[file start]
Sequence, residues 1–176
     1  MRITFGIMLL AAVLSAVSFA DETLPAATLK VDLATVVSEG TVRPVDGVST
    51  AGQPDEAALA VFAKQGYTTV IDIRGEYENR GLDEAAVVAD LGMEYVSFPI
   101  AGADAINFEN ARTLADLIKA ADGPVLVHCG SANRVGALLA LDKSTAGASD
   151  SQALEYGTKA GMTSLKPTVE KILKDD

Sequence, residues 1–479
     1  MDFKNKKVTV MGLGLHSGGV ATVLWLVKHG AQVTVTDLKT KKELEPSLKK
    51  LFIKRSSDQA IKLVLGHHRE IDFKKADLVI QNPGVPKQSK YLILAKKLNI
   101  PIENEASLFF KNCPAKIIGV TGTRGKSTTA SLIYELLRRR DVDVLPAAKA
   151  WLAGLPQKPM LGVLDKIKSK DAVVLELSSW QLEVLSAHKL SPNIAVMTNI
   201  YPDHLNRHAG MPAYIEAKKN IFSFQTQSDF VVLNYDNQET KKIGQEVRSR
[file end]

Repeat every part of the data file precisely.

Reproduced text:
Sequence, residues 1–176
     1  MRITFGIMLL AAVLSAVSFA DETLPAATLK VDLATVVSEG TVRPVDGVST
    51  AGQPDEAALA VFAKQGYTTV IDIRGEYENR GLDEAAVVAD LGMEYVSFPI
   101  AGADAINFEN ARTLADLIKA ADGPVLVHCG SANRVGALLA LDKSTAGASD
   151  SQALEYGTKA GMTSLKPTVE KILKDD

Sequence, residues 1–479
     1  MDFKNKKVTV MGLGLHSGGV ATVLWLVKHG AQVTVTDLKT KKELEPSLKK
    51  LFIKRSSDQA IKLVLGHHRE IDFKKADLVI QNPGVPKQSK YLILAKKLNI
   101  PIENEASLFF KNCPAKIIGV TGTRGKSTTA SLIYELLRRR DVDVLPAAKA
   151  WLAGLPQKPM LGVLDKIKSK DAVVLELSSW QLEVLSAHKL SPNIAVMTNI
   201  YPDHLNRHAG MPAYIEAKKN IFSFQTQSDF VVLNYDNQET KKIGQEVRSR